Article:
“The rise in the [Spanish] 10-year yield well beyond 7% carries a very distinct reminder of events in Greece in April 2010, Ireland in October 2010 and Portugal in February 2011,” said analysts at Bank of New York Mellon. “In each case, a decisive move beyond 7% signaled the start of a collapse in investor confidence that, in each case, led to a bailout within weeks,” they added.
Yesterday the headlines were that Spain’s 10-year bonds hit 7.51% and they raised questions about the Eurozone’s ability to bail out Spain and its banks. Today the rate hit 7.64% so the markets weren’t phased by the assurances of the various government and financial leaders that the situation was not out of control. Now the fear is that Italy will be next—their bonds hit 6.62% today. FYI, Greece is at 28.01%. Bunds are 1.23%. Apparently Spain 5-year bond yields are reaching the level of the 10-year paper, which is not exactly a vote of confidence.
Spain’s sovereign hole is now estimated to be about €100 billion if you include the liabilities of the various provinces for which Madrid is on the hook.
Spain’s finance minister, Luis de Guindos, said that the ECB should help. What he means is that they should buy Spanish paper. In other words, a direct monetization of their debt.
Moody’s gave Germany a slap on the wrist by issuing a “negative outlook” because of the potential bailout burden on them for Spain and Italy. As well, they were concerned with the state of German banks and the bailout cost for that. That’s what sent down the markets on Monday.
Markit’s latest data for the EU and the Eurozone was also disheartening as they cited:
Fitch came out with a negative report on global economic growth today and noted the problems in the Eurozone:
The crisis took a further heavy toll on ratings in H112, as Fitch downgraded six eurozone sovereigns by a total of 16 notches (12 excluding Greece). Spain was particularly hard hit by two multi-notch downgrades (totalling five notches), taking its rating to ‘BBB‘. In March, Greece set a record EUR199bn sovereign default, the first by an advanced country in the modern era. Among other developed countries, Fitch in May downgraded Japan – the world‘s third-largest economy and second-largest debtor (in dollar terms) – to ‘A+‘/Negative Outlook.
It is hard to find anything positive coming from the Eurozone. Here are today’s headlines from the Wall Street Journal’s “European Debt Crisis” column:
You might not believe the official statements or Moody’s or Fitch’s assessments, but you can believe the bond vigilantes who put up money when they speak.
I see no credible plan for saving Spain at this point. If Italy’s debt costs also pass the 7% bar, then there will be some serious ganging up there as well and yields throughout the Eurozone will spike. The question is: can they contain it? My question is: how? There isn’t enough money to bail out Spain, much less Italy, plus the banks that will collapse—remember Eurozone banks are allowed to mark Eurozone sovereign bonds at par, not market, for purposes of their Tier 1 capital requirements; what faith will anyone put into them if their capital is not real?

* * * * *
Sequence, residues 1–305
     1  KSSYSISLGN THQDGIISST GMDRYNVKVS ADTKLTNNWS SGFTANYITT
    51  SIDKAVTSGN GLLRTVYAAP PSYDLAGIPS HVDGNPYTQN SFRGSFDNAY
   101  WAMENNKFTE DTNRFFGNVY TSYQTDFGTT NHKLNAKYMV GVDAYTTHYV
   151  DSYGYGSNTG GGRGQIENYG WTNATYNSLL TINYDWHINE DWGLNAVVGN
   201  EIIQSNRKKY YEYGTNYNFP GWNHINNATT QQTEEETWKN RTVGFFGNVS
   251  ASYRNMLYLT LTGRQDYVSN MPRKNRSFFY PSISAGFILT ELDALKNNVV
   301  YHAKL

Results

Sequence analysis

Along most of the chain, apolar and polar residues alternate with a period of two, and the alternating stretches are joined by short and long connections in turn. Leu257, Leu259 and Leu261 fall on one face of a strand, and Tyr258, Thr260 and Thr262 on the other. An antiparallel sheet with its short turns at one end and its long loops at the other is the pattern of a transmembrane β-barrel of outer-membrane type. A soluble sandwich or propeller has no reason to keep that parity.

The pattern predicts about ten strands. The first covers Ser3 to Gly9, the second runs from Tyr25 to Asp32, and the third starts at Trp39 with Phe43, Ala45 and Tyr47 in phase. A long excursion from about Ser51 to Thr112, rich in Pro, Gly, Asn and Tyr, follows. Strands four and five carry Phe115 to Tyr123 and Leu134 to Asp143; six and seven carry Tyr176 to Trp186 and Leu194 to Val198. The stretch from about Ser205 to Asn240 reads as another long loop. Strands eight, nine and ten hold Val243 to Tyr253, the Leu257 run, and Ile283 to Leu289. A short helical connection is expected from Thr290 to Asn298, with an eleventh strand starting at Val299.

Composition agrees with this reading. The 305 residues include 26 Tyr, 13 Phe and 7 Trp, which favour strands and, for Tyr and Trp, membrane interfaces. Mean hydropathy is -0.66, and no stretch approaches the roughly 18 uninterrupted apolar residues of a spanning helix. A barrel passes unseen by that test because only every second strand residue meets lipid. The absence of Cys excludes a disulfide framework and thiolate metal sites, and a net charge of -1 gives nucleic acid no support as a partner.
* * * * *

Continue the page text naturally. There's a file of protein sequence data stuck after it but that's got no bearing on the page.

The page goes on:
What is the alternative and what will Germany do?
The answer seems rather obvious that these sovereigns will wither issue bonds that the ECB will cover (debt monetization). This could take several forms that have been discussed in the past, such as ECB guarantees of sovereign or some entity created by sovereigns such as the European Stabilization Mechanism (ESM)/European System of Financial Supervisors (ESFS) system or some other entity whereby the bonds issued are backed ultimately by the ECB. If they are desperate, the ECB will just step in and buy sovereign bonds to prop up the market (LTROS). It’s complicated.
It is highly likely that the Germans’ resolve against money printing will dissolve in the face of panic. They know they are the penultimate funders of last resort for any mechanism that doesn’t involve the ECB, so perhaps they will see the short-term advantages of fiat money, give in, let the ECB, the funder of last resort, do its thing, and cross their fingers.
Will that really solve anything? No, it just papers the problems over, but it does the one thing that politicians really like to do: delay the inevitable. Inflation, as they see things, is less threatening than serial bank collapses. As Scarlett O’Hara said, “Tomorrow I’ll think of some way … after all, tomorrow is another day.”
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